Each culture has a different ways in celebrating a girl’s first experience in becoming a woman pertaining to their first menstruation. It can be a joyful four-day celebration which includes all family to being separated from the opposite sex for weeks to being a harrowing experience where something is taken away from you. Here is a look at a few!
Menarche: A term for a girl’s first menstrual cycle:
This is a time where the mother has the role to prepare her daughter for womanhood. This is a special time where the mother and daughter bond and create their own celebration.
The Apache Sunrise Ceremony:
This is a four day ceremony where girls come together soon after their first menstruation to perform sacramental dances, songs, and enactments in order to embrace their role to womanhood.
Tukana Tribe, Northwest Amazon, Festa das Mocas Novas:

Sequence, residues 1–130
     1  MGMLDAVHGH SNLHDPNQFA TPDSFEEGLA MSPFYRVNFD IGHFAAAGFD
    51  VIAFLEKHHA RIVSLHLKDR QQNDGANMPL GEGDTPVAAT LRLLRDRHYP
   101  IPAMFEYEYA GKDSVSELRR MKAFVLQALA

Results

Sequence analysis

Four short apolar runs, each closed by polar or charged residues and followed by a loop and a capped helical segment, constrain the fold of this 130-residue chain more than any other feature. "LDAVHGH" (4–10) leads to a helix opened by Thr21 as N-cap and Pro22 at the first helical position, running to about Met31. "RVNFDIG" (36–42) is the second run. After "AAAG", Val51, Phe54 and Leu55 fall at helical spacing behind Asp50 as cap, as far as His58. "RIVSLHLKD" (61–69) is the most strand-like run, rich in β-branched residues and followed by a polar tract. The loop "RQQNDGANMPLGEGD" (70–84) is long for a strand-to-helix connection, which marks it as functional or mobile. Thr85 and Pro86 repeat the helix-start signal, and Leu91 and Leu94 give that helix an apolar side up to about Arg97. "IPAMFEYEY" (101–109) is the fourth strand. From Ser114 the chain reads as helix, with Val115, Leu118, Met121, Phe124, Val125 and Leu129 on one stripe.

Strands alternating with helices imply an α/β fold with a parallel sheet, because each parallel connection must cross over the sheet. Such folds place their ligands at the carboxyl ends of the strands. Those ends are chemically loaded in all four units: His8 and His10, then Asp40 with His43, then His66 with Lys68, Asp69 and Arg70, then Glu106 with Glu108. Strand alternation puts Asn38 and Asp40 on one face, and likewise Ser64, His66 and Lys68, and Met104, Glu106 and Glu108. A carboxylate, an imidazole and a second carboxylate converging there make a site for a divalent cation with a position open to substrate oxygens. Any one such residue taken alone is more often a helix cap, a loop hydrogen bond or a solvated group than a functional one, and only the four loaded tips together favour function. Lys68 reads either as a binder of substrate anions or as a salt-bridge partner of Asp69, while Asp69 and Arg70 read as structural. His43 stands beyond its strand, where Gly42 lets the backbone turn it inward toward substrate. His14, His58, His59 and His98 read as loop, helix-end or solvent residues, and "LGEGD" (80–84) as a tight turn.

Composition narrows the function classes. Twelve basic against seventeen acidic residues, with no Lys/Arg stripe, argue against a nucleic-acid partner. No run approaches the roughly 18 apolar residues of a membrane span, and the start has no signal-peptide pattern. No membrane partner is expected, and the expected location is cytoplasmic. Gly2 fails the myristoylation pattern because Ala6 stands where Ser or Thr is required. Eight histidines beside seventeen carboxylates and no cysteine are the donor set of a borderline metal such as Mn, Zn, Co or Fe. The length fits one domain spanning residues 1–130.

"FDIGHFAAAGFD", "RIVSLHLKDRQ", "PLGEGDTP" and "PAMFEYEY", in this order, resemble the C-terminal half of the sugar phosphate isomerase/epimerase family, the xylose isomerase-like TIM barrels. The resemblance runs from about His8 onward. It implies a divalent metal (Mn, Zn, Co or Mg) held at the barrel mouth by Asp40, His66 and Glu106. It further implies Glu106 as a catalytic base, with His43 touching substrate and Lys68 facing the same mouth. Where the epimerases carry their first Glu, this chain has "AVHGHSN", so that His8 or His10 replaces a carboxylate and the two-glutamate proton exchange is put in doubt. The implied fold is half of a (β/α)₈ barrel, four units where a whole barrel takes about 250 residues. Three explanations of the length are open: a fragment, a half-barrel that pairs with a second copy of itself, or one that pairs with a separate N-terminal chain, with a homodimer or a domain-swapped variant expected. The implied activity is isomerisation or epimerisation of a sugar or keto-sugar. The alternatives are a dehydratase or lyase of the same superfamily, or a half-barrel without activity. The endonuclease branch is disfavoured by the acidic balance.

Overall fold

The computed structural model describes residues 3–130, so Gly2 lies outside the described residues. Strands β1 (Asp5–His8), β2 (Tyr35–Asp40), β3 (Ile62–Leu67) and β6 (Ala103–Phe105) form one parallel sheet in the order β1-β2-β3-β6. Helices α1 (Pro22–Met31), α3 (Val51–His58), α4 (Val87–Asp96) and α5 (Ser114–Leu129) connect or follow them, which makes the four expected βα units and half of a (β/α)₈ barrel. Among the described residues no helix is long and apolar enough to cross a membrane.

This is a ceremony that starts within 12 weeks of first menstruation where a girl is in seclusion for two days hiding from dangerous demons and then emerges to destroy the demons with her family and then celebrate.
Okrika Tribe, Nigeria:
This has many layers of initiation for a girl who just started menstruation. It starts with being fed rich foods in a “fatting room” to learning traditional song and dance to being striked with sticks to get rid of romantic attachments.
In this culture there is a name, baaligh meaning mature, when one enters adulthood but other than that there is no ceremony to celebrate. Instead it is a very private and quiet experience.
Rites of Passage for Maasai Girls in East Africa:
This is a ceremonial practice of female circumcision, a dangerous and lethal practice. It is illegal in most countries but some nomadic tribes still practice today.
There is a really touching book that explores a first hand account of going through this experience called Aman: The Story of a Somali Girl by Virignia Lee Barnes. You can borrow it from the Brooklyn Library!
Here is a website page with brief descriptions of other Rights of Passages around the world.
Other reading around the web: